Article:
Asked  7 Months ago    Answers:  5   Viewed   30 times

I failed to find a proper solution to this issue. As you see in Example #3 in the PHP documentation, they state that one must beware when adding months using the DateInterval in DateTime::add.

There's not really any explanation for why the method's behavior is as such and what I can do to avoid this, which I find to be an error at first sight.

Anyone have some insight into this?

 Answers

77

The issue is that each month can have a different number of days in them. The question is what you're doing when you want to increment a date by 1 month. Per the PHP documentation if you're on January 31st (or 30th) and you add 1 month, what is the expected behavior?

February only has 29 days in it. Do you want to be set to the last day of the month? You're generally safer incrementing by a set number of days if that's what you're looking for, or a static date based on the current date. Without knowing what you're trying to accomplish when you increment your month, it's tough to say how to watch for an error.

EDIT:
As someone mentions in the similar post commented by Mike B above, you probably want to do something where you (in pseudocode):

 1) Use cal_days_in_month() for the next month and save that number to a variable x
 2) If x >= current billing DOB, increment and be done
 3) DateTime::modify('last day')  (havent used this before but something along these lines) to set the date to the last date of the next month (set it to the 1st of the next month, then last day?)

Worth noting is that if you use the variable here as the new billing value, you'll wipe out your original value. I would save an extra DB value that's "first billing date" or just "billing_day_of_month" or something, and use that to figure out the day of month that you should be looking at

Wednesday, March 31, 2021
 
van_folmert
answered 7 Months ago
76

The problem is that the end date/time itself is never included in the period -- that is, the DatePeriod object represents date/times in the [$startDate, $endDate) range¹.

You have to add one second at least to the end date to always get the expected results. But let's not be stingy and add a whole minute:

$days = new DatePeriod(
    new DateTime("first $day of $m $y"),
    DateInterval::createFromDateString('next ' . $day),
    new DateTime("last day of $m $y 00:01")
);

¹ unless you use the DatePeriod::EXCLUDE_START_DATE option, in which case the start date itself is excluded as well

Wednesday, March 31, 2021
 
Gregosaurus
answered 7 Months ago
17

A note from DateInterval::format:

The DateInterval::format() method does not recalculate carry over points in time strings nor in date segments. This is expected because it is not possible to overflow values like "32 days" which could be interpreted as anything from "1 month and 4 days" to "1 month and 1 day".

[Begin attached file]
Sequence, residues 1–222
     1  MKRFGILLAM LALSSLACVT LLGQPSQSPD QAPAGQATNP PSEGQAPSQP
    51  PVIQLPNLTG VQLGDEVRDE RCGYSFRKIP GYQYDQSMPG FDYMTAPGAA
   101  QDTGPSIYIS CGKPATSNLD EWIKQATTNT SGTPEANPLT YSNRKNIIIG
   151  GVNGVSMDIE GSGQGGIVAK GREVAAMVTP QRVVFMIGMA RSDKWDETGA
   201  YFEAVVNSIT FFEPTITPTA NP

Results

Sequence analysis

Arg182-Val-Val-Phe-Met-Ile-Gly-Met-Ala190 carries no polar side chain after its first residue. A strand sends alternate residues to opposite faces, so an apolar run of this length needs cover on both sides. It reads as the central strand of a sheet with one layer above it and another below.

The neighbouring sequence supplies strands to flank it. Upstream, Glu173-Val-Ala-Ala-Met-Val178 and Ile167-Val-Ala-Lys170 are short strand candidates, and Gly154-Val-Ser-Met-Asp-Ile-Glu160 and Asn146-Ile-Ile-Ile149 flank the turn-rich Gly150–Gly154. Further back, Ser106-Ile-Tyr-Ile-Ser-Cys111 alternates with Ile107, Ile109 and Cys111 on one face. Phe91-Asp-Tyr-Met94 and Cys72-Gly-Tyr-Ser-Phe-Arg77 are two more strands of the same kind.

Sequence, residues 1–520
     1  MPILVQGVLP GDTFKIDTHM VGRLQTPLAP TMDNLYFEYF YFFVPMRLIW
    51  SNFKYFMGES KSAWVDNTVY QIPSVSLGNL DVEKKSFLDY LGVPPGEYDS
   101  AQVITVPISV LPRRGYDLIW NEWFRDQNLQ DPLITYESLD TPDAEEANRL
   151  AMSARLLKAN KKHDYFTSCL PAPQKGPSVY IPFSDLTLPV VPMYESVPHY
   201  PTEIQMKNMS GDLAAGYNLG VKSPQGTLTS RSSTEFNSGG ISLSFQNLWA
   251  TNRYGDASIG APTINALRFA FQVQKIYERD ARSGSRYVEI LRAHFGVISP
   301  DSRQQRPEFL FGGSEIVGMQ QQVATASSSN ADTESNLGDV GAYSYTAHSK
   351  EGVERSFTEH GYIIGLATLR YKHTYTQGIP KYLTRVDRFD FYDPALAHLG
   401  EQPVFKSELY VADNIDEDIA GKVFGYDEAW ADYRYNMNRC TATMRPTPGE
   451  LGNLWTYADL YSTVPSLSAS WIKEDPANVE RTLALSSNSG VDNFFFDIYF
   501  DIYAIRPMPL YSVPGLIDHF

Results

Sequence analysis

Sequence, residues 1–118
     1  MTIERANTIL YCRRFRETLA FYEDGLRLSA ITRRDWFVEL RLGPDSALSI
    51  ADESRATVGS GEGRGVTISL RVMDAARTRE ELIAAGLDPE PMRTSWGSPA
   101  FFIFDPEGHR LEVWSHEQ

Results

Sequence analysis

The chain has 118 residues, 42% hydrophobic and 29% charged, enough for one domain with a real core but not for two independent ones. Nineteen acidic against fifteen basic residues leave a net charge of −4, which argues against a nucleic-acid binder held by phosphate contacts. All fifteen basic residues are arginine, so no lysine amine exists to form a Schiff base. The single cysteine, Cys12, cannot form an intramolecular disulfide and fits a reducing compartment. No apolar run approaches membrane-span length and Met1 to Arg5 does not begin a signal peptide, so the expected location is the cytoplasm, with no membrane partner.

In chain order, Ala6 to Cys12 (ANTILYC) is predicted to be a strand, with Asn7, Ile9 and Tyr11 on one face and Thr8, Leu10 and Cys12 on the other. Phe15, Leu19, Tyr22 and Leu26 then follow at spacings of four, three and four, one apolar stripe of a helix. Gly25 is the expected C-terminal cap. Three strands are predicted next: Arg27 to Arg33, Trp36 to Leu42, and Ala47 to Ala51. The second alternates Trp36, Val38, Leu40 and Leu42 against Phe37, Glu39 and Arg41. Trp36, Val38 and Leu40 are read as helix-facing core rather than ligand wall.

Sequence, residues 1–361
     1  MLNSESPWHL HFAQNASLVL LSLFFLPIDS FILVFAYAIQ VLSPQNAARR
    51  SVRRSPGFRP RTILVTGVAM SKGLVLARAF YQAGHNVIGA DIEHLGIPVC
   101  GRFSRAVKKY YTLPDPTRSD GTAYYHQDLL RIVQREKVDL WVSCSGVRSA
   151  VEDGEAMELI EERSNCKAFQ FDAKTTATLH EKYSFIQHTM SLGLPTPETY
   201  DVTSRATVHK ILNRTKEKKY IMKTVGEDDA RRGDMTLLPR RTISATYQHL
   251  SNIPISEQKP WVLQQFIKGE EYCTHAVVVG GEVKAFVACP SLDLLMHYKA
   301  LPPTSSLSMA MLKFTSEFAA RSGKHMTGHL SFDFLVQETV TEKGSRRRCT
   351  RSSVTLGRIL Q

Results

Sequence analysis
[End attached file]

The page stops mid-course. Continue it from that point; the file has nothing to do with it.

So one has to recalculate carry over points. Below is the relevant code from DateInterval::format:

class DateIntervalEnhanced extends DateInterval {
    public function recalculate() {
        $from = new DateTime;
        $to = clone $from;
        $to->add($this);
        $diff = $from->diff($to);
        foreach ($diff as $k => $v) $this->$k = $v;
        return $this;
    }
}

A utility function:

function myFormatter($d1, $d2, $format) {
    $diff = strtotime($d1) - strtotime($d2);
    $df = abs($diff);
    $di = new DateIntervalEnhanced("PT${df}S");
    $di->invert = $diff < 0;
    return $di->recalculate()->format($format);
}

echo myFormatter("2017-12-31 23:59:59", "2017-12-01 00:00:00", "%m");

DEMO

Link to a post you might wanna read

Saturday, May 29, 2021
 
pocketfullofcheese
answered 5 Months ago
13

First of all, a text editor's internal representation of text has no bearing on how the text is encoded (serialized) when you save the file. So a document is not "in" an encoding; it's a sequence of abstract characters. When the document is saved to a file (or transmitted over the network) then it gets encoded.

It's up to each application to decide what it puts on the clipboard. Typically, a windows app that knows what it's doing will put a number of different representations on the clipboard. When you paste in the other app, the app will look for the representation that best suits its need.

In your case, a text editor (that knows what it's doing) will put a Unicode representation of a selected string onto the clipboard (where Unicode, in Windows, is typically moved around as UTF-16, but that's not important). When you paste in the other app, it will insert that sequence of Unicode characters into the document at the selection point.

There's an app floating around called "ClipSpy" that will help you see what I'm talking about, interactively.

Sunday, July 18, 2021
 
Baba
answered 3 Months ago
81

The most visible way is for mapping structures.

Any class which does this will have unpredictable behavior when used as the Key for a Dictionary or HashTable. The reason being is that the implementation uses both GetHashCode and Equals to properly find a value in the table. The short version of the algorithm is the following

  1. Take the modulus of the HashCode by the number of buckets and that's the bucket index
  2. Call .Equals() for the specified Key and every Key in the particular bucket.
  3. If there is a match that is the value, no match = no value.

Failing to keep GetHashCode and Equals in sync will completely break this algorithm (and numerous others).

Sunday, August 15, 2021
 
Santi
answered 2 Months ago
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